Poe poems, a Mississippi map, and A Christmas Carol haul in six figures at last month’s auctions
The Hostess with the Mostess where Dickens was concerned
A Christmas Carol by Charles Dickens, Christie’s New York on December 4, $290,500
Arguably the most widely read and best known of his books, A Christmas Carol has now knocked Oliver Twist off the top of the tree to become the most expensive Dickens title ever sold at auction.
Once part of the magnificent Dickens collection of Alain de Suzannet, sold in 1971, and offered last month in the second and final portion of the splendid English and American literature collection of William E. Self of Dayton, Ohio, this was one of the earliest recorded presentation copies. It was slightly “leaned” or bent, and the text block was split at the center, but it was one of just eight copies that Dickens is known to have signed on December 17, 1843—the other lucky recipients of this first batch included his friend and patron, Baroness Burdett-Coutts and William Makepeace Thackeray.
This copy was given to a relative of the writer Harrison Ainsworth, a Mrs. Eliza Touchet, who, following her younger cousin’s separation from his wife, acted as a hostess when he was entertaining—as he did very frequently and boisterously—at his North London home at Kensal Lodge. In such witty and lively company, which regularly included the artists Daniel Maclise and George Cruikshank, as well as such distinguished figures as the writer and aspiring politician who would one day be Britain’s prime minister, Benjamin Disraeli, it was as well that Eliza could hold her own. In fact, she was known for her sharp tongue and brilliant conversation.
More significant for the man who sent her the book, it was at one of these Kensal Lodge gatherings in the 1830s that John Macrone first expressed an interest in publishing Sketches by Boz—the work that launched Dickens’ extraordinary career.
Charge ’em five shillings and make ’em wait
Middlemarch by George Eliot, Christie’s New York on December 4, $68,500
One of the more unexpected success stories of the William Self sale was an original parts issue of George Eliot’s well known novel. As so often happened at this time, her story was first issued in serial form, but Eliot and her companion, George Lewes, had suggested to her publisher, John Blackwood, that instead of the usual monthly form, the novel be published in eight parts, priced at five shillings each, and issued every two months, commencing in December 1871. Each part certainly gave the reader a larger than usual slice of the story, but the higher price and the two month wait between parts put additional pressure on the writer to keep her public interested and eager for the next installment.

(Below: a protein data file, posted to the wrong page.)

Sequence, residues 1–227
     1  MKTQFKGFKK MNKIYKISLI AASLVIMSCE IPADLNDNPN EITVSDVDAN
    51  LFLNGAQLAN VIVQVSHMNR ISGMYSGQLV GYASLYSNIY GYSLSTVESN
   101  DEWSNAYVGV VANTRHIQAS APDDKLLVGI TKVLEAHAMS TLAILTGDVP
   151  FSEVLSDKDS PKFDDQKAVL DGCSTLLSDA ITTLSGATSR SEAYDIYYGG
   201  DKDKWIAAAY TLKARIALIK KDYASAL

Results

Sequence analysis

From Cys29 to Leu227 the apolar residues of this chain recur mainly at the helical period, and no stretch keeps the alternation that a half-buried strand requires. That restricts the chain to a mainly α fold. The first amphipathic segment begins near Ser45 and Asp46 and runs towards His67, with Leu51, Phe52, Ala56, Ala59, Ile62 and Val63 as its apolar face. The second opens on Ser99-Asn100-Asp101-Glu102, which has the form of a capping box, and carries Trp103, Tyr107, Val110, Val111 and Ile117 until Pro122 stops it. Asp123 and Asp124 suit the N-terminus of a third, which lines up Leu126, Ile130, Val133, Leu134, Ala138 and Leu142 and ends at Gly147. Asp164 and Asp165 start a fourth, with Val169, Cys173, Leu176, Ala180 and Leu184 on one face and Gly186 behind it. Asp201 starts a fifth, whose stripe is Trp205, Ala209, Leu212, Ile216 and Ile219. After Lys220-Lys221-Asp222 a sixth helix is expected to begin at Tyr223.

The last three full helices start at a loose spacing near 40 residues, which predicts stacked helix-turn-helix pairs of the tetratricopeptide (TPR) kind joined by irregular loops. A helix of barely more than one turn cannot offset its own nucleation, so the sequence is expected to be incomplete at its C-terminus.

This was something George Eliot was to find quite challenging, and some complained that her study of provincial life was too ponderous and didactic, but it proved a modest popular success, selling 5,000 copies of the parts edition and another 3,000 copies of the four-volume book edition. This set in the original green wrappers, however, was a runaway success—the selling price being more than ten times what had been predicted.
Jude the Outrageous—Dirt, Drivel and Damnation!
Jude the Obscure by Thomas Hardy, Christie’s New York on December 4, $35,000
This tale of “a deadly war between flesh and spirit,” to use the writer’s own words, was first published serially in Harper’s New Monthly Magazine, beginning in December 1894. To ensure that it was suitable reading for an American family audience, Hardy had to abridge his tale quite severely. For the first bookform edition, issued in late 1895 by McIlvaine & Co. of London, Hardy restored the text to its original form, but so discouraged was he by the “outrage” then expressed by British critics and readers, that he eventually gave up novel writing and devoted the rest of his literary life to poetry.
No offence could be taken nowadays, but at the time, the Pall Mall Gazette’s reviewer cried “Dirt, drivel and damnation” and even his friend Edmund Gosse found it “grimy’” and “indecent.” In his preface to a 1912 edition, Hardy described how the book was “burnt by a bishop—probably in his despair at not being able to burn me.”
Part of a mixed property sale held on the same day that the Rockefeller Plaza auctioneers were selling the William E. Self books that feature so prominently this month, this copy still sports a simple but rare dust jacket.
Not only that, it bears a presentation inscription to someone Hardy hoped might by more sympathetic, Mary Anna Curzon, Duchess of Abercorn, and contains a related letter in which he writes, "Even if you do not like it you will, I am sure, understand and sympathize with the shadowy personages it concerns.” In his letter Hardy also refers to an earlier conversation at which they appeared have discussed divorce. Shocking!